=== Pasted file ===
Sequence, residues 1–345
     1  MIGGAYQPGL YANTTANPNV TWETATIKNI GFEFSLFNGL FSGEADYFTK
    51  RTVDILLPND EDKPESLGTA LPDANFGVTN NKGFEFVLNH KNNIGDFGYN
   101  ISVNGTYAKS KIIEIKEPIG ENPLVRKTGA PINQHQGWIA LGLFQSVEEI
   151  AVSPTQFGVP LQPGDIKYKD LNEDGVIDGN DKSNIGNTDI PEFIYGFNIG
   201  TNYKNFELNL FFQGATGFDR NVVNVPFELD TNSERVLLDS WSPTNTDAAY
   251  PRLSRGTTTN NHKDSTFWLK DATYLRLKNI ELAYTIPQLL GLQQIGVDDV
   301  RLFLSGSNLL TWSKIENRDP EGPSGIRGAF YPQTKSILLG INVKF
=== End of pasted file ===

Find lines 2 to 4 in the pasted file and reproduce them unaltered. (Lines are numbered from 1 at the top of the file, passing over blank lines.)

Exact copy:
     1  MIGGAYQPGL YANTTANPNV TWETATIKNI GFEFSLFNGL FSGEADYFTK
    51  RTVDILLPND EDKPESLGTA LPDANFGVTN NKGFEFVLNH KNNIGDFGYN
   101  ISVNGTYAKS KIIEIKEPIG ENPLVRKTGA PINQHQGWIA LGLFQSVEEI